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Just as propane marketers nationwide had given up hope of squeezing a profit from yet another warm winter, a ferocious St. Valentine's Day Blizzard punctuated a solid month of cold temperatures that saved a dismal heating season but wreaked havoc on the front lines.
Customers reached for propane's warmth with exceptional demand across the entire eastern United States. Nationwide, ropane stockholders posted a record 16.5-million-barrel decline in February, a level more than 60 percent above the most recent five-year average of 10.3 million barrels, according to the U.S. Dept. of Energy.
The record draw reflected mostly the colder-than-normal temperatures that were experienced over large areas of the nation throughout the month.
Frigid weather, heavy snow and ice storms that arrived in late January and stayed into March taxed supplies and hounded propane shipments across U.S. roads and rails.
Meanwhile, New England and the mid-Atlantic states battled multiple crises as a rail strike, pipeline leak and weather-delayed waterbourne deliveries hit simultaneously in mid-February:
* Canadian National Railway (CNR) employees went on strike Feb. 10, delaying shipment of all freight--including propane--and backing railcars throughout the CNR system. CNR provides about 40 percent of the propane supply and distribution for the New York/New England Region.
* Foul weather offshore delayed waterborne propane imports desperately needed to replenish depleted marine terminals in Providence, R.I. and Newington, N.H.
* On Feb. 20, a leak caused by a faulty valve forced a shutdown of TEPPCO's 20-inch propane pipeline in Seymour, Ind. Supplies in storage at Todhunter, Ohio and Watkins Glen, N.Y. were quickly drawn down to empty while the pipeline company worked on repairs.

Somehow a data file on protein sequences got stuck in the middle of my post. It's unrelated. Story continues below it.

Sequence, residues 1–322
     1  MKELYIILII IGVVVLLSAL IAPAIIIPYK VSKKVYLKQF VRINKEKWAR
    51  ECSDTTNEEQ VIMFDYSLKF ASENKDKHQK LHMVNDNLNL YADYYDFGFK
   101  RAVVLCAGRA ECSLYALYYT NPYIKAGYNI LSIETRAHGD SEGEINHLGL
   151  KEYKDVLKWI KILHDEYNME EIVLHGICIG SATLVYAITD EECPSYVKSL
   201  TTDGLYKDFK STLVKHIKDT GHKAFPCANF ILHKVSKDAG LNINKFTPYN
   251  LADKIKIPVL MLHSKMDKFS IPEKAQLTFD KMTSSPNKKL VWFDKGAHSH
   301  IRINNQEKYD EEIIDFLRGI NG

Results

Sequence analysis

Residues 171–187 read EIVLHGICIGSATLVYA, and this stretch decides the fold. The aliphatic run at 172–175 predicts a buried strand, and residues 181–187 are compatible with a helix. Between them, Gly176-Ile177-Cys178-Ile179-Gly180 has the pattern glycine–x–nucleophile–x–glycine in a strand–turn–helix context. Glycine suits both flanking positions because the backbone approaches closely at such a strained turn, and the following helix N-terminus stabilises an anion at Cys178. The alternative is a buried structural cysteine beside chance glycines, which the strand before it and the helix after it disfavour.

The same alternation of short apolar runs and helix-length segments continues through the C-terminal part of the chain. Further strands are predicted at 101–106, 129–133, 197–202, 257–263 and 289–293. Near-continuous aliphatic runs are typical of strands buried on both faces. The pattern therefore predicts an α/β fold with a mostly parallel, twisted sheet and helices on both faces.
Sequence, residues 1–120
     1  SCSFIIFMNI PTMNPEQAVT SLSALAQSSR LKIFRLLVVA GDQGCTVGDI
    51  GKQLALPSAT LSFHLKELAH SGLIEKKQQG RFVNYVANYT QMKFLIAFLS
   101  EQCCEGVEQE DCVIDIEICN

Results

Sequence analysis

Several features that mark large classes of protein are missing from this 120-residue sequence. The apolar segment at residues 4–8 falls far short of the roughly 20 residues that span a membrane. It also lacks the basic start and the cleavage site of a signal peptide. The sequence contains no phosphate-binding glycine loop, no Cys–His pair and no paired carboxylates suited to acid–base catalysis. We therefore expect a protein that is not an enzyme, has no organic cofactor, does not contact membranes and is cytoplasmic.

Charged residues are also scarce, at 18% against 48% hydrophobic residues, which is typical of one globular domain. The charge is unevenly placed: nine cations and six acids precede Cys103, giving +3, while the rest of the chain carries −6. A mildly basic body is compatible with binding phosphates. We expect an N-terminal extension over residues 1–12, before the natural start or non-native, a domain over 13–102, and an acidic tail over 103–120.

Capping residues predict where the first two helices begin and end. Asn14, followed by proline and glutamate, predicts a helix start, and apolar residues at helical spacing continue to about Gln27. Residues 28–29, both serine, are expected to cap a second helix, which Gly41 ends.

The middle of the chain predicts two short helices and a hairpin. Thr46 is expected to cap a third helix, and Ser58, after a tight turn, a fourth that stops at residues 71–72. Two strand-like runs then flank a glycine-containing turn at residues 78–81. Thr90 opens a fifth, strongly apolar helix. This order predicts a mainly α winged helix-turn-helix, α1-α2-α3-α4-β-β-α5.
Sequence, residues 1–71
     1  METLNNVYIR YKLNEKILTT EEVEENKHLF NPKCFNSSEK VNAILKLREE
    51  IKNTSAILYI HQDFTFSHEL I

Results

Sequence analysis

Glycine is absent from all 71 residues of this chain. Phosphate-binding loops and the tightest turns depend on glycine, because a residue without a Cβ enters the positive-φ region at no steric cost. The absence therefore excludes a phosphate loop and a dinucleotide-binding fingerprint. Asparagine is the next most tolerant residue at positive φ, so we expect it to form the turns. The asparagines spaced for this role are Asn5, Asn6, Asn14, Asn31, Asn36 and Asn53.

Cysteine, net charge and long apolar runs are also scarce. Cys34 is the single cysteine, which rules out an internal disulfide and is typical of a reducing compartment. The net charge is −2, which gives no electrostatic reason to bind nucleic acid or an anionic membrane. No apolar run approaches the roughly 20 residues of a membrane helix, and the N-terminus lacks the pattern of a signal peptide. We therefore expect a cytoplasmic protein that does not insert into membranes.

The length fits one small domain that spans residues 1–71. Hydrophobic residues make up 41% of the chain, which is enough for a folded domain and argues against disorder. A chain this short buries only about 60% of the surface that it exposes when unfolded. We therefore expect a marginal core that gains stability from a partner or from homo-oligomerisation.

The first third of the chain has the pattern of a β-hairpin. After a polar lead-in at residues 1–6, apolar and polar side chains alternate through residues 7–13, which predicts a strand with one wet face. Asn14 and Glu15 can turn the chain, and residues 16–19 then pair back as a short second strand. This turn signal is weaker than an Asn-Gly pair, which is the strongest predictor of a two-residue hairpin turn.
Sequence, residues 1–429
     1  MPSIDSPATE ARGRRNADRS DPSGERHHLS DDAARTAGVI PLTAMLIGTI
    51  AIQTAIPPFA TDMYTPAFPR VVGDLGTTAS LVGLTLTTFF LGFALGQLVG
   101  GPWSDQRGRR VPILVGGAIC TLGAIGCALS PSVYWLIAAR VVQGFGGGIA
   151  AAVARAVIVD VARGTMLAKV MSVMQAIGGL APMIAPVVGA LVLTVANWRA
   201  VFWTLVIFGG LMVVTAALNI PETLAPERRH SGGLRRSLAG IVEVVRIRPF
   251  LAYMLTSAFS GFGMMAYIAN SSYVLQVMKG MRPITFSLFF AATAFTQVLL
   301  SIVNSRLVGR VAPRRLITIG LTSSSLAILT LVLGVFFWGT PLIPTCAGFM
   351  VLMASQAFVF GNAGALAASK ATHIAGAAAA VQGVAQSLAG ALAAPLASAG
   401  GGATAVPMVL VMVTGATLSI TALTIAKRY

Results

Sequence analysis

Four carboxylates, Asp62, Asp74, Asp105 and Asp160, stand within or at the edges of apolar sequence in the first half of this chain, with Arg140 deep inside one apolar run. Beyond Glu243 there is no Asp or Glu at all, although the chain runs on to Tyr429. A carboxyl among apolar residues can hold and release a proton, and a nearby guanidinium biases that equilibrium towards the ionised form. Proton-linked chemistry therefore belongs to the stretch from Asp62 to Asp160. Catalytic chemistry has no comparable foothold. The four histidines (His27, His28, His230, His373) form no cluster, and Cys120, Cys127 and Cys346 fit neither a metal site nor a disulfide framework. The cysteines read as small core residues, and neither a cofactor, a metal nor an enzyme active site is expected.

The ripple effects of those problems forced industry members to move propane long distances to ensure product availability. Northeast propane suppliers arranged for the transportation of propane into the region from storage facilities in Kansas, Michigan and Iowa. One supplier alone on Feb. 24 arranged for 27 transport trucks to haul propane into his New England service area, according to the National Propane Gas Association.
A number of states were granted hours-of-service exemptions within their own jurisdictions during the period. Additionally, NPGA petitioned the federal government to issue a regional 30-day exemption to insure that propane supplies reached customers.
"There seems to be adequate inventory even though we're getting cold temperatures and a lot of winter," says analyst David Hinton at the U.S. Energy Information Administration (EIA).
"You had some carryover inventory from last year and that helped. This was a 'split season,'" Hinton explains, citing a warm beginning. …